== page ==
If you’re a small manufacturer selling across hundreds of marketplaces and big box retailers, you might face challenges syndicating your product information everywhere you sell. There are great systems for that.

And if you’re a brand trying to establish a strong, direct to consumer channel, you need a system that not only organizes all your product information, but helps your team turn it into the kind of powerful product stories that drive DTC success. That system is Talkoot.

You might have one of these problems. You might have all three. What you’ll find is, even if you have all three challenges, it’s likely more cost effective to implement three specialized systems that solve those three specific problems well instead of implementing a single, overbuilt, legacy PIM that will cost more, be slower to implement and leave all your teams frustrated and inefficient.


The future is small

The case against specialization has always been that specialized tools create information silos that lead to errors and inconsistency. Wisdom had it that everyone should be working in one system, even if it left teams frustrated and inefficient. By that same wisdom, working from a shared set of facts across all departments was worth more than the efficiency gained when each team worked in their own system of choice.

But look at any digital-native company taking their market by storm today and you’ll see a consistent theme: These companies skip the enterprise-wide solutions. Teams use whatever tools make them most efficient. And they avoid the data silos by wiring those tools together through integrations.


The future is integrated

Today most modern B2B systems are built to talk to each other. Data flows from one system to the other in real time through pre-built connectors or open APIs. Each team works efficiently in a tool purposely built for their needs without creating data silos that introduce errors and inconsistency.


The future is agile

When teams are working in specialized PIM applications built to solve their unique needs, they’re far more productive and efficient. They’re also just plain happier and more empowered — something that should never be overlooked. These specialized systems, along with the agile methodologies they enable, are how digital native startups are able to outmaneuver brands 10x their size.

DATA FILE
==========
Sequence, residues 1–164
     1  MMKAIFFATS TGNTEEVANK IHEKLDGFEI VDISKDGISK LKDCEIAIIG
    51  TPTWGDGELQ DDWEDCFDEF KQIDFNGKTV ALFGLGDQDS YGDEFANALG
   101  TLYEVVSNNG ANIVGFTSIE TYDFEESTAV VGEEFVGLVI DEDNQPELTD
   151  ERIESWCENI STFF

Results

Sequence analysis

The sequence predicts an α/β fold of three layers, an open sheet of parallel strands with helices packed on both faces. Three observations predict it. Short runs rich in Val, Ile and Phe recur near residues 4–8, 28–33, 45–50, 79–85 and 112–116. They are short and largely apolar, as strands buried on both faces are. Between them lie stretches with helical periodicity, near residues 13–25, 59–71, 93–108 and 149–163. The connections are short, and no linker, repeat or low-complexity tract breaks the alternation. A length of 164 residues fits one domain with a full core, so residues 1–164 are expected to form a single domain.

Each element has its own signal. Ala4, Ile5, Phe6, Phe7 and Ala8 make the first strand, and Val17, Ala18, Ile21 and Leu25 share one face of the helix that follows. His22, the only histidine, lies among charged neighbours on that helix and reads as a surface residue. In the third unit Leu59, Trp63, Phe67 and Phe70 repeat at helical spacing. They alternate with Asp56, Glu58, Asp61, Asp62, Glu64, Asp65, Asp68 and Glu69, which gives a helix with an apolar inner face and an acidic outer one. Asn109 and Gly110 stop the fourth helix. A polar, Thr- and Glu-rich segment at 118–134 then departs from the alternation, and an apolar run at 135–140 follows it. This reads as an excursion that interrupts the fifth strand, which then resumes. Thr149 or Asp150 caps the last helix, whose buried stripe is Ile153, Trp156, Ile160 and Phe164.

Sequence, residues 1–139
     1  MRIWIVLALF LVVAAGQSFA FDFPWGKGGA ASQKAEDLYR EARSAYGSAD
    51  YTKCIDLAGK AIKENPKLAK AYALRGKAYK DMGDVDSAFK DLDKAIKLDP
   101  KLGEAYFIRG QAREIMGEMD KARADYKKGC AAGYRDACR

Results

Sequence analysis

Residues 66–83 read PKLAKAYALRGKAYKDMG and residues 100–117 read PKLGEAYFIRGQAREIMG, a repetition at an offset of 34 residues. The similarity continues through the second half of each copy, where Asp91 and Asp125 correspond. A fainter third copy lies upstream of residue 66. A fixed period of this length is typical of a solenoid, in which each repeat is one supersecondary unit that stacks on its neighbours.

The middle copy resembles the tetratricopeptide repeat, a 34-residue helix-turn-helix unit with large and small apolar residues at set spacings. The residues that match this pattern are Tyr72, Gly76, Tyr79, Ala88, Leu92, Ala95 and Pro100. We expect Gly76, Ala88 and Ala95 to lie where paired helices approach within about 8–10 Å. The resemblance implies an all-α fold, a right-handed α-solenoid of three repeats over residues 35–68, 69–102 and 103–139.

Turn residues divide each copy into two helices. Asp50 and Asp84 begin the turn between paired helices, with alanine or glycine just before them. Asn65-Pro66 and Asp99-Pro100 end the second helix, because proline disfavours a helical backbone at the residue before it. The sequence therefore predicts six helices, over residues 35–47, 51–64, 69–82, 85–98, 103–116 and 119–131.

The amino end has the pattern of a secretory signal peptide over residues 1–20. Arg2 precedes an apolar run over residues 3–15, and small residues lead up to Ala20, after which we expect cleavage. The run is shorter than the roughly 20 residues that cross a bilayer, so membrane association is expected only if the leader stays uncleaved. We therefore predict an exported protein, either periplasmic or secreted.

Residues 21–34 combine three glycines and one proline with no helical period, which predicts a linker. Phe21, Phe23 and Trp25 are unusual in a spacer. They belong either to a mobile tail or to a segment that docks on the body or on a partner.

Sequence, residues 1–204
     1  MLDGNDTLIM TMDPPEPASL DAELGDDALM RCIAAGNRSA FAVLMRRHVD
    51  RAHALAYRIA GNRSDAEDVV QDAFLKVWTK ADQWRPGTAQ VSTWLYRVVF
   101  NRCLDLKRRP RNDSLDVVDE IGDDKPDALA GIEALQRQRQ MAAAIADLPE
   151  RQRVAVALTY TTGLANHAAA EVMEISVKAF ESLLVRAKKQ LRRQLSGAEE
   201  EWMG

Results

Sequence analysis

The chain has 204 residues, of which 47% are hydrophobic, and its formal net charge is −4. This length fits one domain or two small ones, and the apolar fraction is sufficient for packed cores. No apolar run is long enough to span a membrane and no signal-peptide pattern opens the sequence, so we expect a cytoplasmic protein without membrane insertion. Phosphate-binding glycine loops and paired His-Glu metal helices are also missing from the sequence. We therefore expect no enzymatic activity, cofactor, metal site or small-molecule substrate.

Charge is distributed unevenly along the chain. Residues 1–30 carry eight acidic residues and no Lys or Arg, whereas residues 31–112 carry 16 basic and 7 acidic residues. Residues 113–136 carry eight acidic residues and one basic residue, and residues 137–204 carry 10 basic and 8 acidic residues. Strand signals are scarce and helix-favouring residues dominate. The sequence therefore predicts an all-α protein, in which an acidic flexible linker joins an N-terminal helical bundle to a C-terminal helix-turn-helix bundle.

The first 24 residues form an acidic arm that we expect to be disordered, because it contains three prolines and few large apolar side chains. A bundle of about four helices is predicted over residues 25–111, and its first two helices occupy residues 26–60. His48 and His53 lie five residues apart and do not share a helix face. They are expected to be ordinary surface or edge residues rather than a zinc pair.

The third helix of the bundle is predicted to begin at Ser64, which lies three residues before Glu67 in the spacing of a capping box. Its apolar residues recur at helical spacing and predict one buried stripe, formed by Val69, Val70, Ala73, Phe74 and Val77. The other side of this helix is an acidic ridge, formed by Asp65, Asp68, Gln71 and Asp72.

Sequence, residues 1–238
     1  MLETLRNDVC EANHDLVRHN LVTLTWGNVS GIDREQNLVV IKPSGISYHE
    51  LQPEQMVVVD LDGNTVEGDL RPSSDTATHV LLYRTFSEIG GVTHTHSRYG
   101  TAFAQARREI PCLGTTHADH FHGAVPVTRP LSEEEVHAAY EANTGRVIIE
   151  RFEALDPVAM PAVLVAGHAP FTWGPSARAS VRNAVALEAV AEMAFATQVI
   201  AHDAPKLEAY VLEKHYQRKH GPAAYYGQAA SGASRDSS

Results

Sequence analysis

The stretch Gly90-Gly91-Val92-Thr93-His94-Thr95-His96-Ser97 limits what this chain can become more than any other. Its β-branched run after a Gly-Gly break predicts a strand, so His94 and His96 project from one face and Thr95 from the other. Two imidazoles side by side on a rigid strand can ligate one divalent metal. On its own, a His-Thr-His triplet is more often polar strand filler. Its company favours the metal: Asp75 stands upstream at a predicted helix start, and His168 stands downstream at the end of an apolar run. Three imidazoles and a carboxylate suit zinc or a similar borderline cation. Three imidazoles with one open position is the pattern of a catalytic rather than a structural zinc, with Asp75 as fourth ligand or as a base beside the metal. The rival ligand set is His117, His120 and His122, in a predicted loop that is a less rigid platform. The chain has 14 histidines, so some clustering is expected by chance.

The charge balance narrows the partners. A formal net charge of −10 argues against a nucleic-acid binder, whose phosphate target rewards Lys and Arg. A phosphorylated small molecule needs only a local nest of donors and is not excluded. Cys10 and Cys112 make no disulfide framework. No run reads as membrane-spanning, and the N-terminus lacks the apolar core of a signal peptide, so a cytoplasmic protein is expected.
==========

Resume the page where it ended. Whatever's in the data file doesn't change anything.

Talkoot: The best PIM for direct to consumer brands

Talkoot is part of the latest wave of specialized Product Information Management Software. Talkoot is a PIM originally built to solve the product content challenges of apparel and footwear brands trying to establish a strong direct to consumer channel.

Talkoot features all the core information management functionality of any enterprise PIM. But where it really shines is as a collaborative productivity tool designed to help teams turn raw, unstructured product data, sketches, decks and briefs into higher-converting product stories.

It’s quick and less costly to deploy than a legacy PIM. And it’s scalable from department- to enterprise-level. Talkoot helps many of the world’s most loved brands drive billions of dollars of revenue across all their digital channels through more powerful product storytelling at scale.


Information confirms. Story connects and converts.

If you’re a fast-growing modern brand, it’s important to remember that no consumer brand has ever disrupted their market and fended off larger competitors through better product information storage. All the brands you admire today disrupted their market by building loyal communities around them through deeper, more engaging storytelling  —  all the way down to the product page.

If you want to drive greater revenue by telling more consistently powerful stories across every channel, we should have a conversation. 

“The idea that we’ll have a single software vendor, or a small number that make everything is…preposterous. Even Slack, which has around 1,300 employees, relies on at least 350 different software vendors to get work done.”
 — Stewart Butterfield, Slack CEO, The future belongs to startups that specialize

“Content is at the heart of everything we do at Glossier.”
 — Emily Weiss, Glossier Founder and CEO

Microsoft Clarity